In relation to operational effectiveness and coherence a key feature of the CHF is that it is work in progress, and in all three countries there have been significant improvements made to the allocation and disbursement of grants since 2007. There is improved complementarity and coherence between donors (including donors not funding the CHF), although overall prioritization between clusters is still problematic and requires strong humanitarian leadership. This seems to be due to the lack of basic feedback caused by the lack of monitoring and evaluation. The use of the CHF Emergency Reserve has allowed for rapid crisis response, especially in the DRC, but for normal CHF allocations through the clusters, though timeliness has improved, the funds often arrive too late in the calendar year, and the time in which these funds have to be spent is then often too short.

As regards relevance/appropriateness and quality, the process by which the CHF is allocated between different regions of both Sudan and DRC is highly contested, and sometimes seen as arbitrary. (The situation in CAR is very different, as the funding for the CHF has declined to only $6million in 2010, enough to finance only 25 new projects.). Clusters are still seen as dominated by their lead UN Agency, and NGOs still feel that allocations of the CHF favor both these cluster leads and a small number of large International Non Governmental Organizations.

All in all, according to the evaluation report a far tighter monitoring is needed to ensure the technical quality of CHF projects and a greater attention to sustainability is needed where the same needs come up for funding every year. Given an ever-increasing volume of workload and the fall in donor funding for the CHF in terms of efficiency the efforts should be focused rather than widened in its scope.

Recommendations for future action

Recommendations have been made for all the actors included in the process of implementation CHFs. For donors, they go in direction of the need to become more engaged in the short term to support OCHA in particular in those areas where progress has so far been limited – especially the need for adequate financial incentives for OCHA to run the CHF effectively, more appropriate management arrangements for NGO recipients, and improved monitoring and evaluation. They should also provide multi-year commitments in order to minimize insecurity and allocate funds before the start of the calendar year.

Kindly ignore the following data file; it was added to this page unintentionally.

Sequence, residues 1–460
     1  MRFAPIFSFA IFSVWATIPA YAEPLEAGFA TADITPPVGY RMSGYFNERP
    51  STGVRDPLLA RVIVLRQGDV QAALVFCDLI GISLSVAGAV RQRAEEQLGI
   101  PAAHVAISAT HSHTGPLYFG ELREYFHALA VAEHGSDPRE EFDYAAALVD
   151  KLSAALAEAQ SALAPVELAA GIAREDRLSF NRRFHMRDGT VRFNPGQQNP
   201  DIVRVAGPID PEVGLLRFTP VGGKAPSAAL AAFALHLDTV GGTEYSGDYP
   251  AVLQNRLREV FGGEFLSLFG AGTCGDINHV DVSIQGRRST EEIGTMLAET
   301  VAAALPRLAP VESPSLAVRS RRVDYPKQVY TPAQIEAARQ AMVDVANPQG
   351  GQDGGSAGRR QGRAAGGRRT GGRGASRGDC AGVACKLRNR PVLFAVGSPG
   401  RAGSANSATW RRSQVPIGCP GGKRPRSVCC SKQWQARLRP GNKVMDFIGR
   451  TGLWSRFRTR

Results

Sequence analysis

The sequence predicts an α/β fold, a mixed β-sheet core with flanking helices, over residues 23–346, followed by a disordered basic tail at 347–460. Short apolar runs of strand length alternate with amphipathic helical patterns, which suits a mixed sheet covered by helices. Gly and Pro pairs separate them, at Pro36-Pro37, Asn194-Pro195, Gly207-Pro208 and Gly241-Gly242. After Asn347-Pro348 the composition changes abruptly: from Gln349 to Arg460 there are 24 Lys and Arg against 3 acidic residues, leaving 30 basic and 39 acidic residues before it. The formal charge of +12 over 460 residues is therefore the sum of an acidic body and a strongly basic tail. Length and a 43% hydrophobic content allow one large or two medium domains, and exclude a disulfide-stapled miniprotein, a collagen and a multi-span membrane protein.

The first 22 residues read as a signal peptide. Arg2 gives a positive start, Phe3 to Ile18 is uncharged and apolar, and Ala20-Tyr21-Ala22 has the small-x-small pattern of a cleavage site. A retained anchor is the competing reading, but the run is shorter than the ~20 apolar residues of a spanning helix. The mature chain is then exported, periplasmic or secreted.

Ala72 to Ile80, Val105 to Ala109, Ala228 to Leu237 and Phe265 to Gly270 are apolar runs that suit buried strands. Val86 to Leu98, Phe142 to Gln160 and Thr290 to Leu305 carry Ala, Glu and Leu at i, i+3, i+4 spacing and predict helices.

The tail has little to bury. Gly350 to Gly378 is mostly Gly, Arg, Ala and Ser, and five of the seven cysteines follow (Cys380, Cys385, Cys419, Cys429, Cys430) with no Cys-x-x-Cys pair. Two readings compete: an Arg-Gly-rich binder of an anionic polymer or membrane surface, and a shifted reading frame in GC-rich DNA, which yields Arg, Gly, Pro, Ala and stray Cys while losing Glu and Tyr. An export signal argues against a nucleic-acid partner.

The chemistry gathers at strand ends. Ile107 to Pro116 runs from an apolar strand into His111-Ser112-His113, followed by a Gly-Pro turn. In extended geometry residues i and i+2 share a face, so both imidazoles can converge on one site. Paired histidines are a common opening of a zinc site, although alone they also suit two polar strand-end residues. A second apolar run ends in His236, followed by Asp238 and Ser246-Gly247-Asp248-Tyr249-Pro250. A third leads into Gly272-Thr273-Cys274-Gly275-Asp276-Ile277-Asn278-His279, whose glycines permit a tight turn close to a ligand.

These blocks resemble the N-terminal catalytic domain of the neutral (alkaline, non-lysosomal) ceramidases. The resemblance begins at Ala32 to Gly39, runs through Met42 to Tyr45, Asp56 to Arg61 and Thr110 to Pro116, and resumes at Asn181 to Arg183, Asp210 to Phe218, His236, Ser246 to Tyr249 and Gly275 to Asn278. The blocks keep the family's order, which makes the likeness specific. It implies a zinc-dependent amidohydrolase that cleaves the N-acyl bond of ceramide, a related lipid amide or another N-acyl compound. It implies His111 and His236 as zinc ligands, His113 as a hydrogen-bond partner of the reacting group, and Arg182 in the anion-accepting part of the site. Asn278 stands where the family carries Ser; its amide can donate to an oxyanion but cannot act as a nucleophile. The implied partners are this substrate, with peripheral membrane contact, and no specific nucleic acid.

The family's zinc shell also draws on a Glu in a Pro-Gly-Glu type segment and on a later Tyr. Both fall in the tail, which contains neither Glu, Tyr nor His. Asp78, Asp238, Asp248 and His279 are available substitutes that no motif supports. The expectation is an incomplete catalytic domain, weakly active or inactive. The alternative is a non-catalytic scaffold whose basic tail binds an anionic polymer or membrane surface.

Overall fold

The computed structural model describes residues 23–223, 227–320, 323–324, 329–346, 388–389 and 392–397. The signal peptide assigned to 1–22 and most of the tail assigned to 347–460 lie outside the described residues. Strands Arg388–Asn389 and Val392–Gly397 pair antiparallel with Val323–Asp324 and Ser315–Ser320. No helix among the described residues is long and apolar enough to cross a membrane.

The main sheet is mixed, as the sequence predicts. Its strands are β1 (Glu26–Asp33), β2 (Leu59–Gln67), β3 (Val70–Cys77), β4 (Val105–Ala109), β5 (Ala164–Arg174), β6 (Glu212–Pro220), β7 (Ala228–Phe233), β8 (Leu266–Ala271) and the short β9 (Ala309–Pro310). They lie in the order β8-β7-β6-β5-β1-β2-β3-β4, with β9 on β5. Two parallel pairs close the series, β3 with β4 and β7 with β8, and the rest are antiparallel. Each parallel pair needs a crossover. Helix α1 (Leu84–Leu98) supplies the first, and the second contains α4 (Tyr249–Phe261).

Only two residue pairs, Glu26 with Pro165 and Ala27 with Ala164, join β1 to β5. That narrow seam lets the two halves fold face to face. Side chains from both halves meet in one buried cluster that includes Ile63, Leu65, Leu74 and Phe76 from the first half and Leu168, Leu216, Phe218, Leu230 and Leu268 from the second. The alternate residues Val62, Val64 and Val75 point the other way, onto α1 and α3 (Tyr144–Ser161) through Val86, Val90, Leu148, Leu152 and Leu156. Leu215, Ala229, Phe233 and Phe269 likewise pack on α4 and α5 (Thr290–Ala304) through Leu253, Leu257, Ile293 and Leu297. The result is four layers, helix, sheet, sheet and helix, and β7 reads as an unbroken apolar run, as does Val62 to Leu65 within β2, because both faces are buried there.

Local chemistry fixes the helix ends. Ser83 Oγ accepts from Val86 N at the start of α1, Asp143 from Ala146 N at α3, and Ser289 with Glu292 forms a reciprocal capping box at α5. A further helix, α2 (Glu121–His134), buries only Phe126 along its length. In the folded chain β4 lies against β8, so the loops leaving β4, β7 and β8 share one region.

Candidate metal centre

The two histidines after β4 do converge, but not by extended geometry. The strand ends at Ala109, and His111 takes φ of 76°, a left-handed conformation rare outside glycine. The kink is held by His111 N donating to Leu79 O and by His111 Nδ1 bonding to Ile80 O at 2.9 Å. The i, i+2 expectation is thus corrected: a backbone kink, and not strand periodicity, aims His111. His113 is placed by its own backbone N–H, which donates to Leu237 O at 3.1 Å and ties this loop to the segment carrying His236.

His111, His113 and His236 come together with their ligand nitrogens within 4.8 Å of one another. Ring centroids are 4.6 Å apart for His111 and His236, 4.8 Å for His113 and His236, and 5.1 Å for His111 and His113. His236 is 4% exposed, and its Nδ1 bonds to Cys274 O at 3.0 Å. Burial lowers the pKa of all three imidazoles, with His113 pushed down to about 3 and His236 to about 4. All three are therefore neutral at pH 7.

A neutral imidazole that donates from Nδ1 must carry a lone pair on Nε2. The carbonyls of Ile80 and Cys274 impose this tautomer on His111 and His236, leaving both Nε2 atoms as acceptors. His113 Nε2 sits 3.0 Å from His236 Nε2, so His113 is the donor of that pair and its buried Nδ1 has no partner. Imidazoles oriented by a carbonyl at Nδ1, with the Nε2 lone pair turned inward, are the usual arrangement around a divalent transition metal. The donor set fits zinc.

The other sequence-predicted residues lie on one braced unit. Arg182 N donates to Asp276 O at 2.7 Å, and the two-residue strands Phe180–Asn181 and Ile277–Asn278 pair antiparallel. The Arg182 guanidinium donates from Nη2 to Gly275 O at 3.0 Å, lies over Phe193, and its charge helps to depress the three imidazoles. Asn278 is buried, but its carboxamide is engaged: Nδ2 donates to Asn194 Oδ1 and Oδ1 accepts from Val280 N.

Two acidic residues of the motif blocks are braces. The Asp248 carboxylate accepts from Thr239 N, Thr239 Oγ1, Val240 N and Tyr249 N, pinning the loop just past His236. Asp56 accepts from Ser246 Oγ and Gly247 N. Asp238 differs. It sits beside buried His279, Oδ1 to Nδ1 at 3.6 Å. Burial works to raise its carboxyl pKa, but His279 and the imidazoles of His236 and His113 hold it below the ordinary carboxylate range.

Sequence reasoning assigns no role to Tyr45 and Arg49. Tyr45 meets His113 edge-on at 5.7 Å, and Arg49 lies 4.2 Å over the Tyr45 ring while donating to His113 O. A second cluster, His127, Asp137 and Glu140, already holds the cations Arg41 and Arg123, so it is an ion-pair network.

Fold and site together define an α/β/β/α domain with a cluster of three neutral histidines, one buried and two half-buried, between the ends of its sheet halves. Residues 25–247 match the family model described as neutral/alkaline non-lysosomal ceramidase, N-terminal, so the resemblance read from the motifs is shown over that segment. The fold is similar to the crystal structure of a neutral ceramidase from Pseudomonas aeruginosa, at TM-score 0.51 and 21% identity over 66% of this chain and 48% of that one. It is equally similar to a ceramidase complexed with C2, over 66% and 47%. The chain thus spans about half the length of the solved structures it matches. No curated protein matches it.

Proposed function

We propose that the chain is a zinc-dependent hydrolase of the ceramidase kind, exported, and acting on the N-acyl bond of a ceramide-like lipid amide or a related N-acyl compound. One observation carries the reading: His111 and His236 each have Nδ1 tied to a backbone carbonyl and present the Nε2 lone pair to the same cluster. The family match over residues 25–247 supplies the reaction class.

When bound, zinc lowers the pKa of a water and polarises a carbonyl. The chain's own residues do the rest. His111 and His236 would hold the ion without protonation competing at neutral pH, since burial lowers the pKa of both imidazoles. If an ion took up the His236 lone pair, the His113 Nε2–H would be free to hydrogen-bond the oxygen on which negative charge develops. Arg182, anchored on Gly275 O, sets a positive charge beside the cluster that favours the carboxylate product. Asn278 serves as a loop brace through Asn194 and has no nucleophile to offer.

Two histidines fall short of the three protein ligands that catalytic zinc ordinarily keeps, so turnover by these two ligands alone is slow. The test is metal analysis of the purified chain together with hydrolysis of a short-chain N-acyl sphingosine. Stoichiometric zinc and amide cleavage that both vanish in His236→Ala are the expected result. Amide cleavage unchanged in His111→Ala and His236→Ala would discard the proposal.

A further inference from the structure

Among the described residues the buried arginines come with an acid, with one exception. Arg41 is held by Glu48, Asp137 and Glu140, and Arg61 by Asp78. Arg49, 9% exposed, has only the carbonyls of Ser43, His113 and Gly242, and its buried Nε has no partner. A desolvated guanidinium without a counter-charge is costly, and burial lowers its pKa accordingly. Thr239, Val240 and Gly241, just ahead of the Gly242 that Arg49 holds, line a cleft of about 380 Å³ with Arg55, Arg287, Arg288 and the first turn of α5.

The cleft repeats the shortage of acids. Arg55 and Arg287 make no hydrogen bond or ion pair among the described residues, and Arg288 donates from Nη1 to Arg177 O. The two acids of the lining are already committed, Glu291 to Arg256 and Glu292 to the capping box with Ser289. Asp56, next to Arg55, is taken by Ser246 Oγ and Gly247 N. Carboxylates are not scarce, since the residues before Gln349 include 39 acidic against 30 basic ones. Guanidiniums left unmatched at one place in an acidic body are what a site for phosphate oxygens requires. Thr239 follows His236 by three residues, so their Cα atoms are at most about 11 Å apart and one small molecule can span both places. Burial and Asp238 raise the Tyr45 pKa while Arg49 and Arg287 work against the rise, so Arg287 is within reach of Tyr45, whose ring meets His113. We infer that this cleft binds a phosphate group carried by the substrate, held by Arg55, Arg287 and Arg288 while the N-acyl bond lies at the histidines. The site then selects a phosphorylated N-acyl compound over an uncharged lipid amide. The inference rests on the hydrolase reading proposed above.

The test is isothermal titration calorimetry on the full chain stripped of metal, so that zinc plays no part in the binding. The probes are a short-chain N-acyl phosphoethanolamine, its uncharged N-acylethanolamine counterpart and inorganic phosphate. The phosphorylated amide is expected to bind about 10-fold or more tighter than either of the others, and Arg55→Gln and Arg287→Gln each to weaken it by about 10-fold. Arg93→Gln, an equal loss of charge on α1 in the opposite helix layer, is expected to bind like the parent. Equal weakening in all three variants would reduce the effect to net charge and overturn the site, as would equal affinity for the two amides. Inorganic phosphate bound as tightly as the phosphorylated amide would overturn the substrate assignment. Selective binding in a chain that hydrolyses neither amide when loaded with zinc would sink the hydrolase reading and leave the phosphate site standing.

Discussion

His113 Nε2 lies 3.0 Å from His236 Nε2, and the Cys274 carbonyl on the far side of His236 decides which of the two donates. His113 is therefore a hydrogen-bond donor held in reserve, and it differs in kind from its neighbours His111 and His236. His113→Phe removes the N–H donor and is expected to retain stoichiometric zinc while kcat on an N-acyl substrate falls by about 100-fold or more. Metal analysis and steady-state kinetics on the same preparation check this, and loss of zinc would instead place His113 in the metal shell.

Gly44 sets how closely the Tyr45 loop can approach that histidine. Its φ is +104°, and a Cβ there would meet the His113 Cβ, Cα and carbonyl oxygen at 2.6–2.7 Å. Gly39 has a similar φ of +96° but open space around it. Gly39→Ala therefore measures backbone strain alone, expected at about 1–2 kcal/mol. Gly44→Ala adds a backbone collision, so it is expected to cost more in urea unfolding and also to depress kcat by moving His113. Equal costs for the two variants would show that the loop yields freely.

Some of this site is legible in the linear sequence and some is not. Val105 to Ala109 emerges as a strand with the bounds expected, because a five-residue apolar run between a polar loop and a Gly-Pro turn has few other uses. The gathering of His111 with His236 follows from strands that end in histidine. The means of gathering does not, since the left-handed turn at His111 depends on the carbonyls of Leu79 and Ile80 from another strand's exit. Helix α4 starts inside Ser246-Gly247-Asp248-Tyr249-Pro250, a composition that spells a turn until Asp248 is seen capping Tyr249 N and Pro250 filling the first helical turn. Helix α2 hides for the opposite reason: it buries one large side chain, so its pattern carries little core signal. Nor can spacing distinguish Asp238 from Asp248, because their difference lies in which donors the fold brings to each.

According the evaluation report the OCHA itself should make the successful management of funds like the CHF a far higher corporate priority. It should also provide better technical support for thematic evaluations and, together with other UN agents, make space for a much closer coordination between the different funds and recommend projects that do no meet CHF criteria for other funds. The report also recommends the United Nations Development Programme (UNDP) to reduce the Management Agent fee (from 7 to 5 per cent) thus allowing for the money saved to be used for improving monitoring throughout the CHF. One possible solution is that the OCHA would take over the role of the Management Agent. Furthermore, they recommend that the CHF allocations should be for a maximum of 12 months from the payment of the first installment, as opposed to calendar year funding currently in place.

Other recommendations include unifying monitoring requirements currently in use by different UN Agencies, improved self-monitoring of OCHA and provision of more senior OCHA staff in each country.

This is a nonprofit explanation.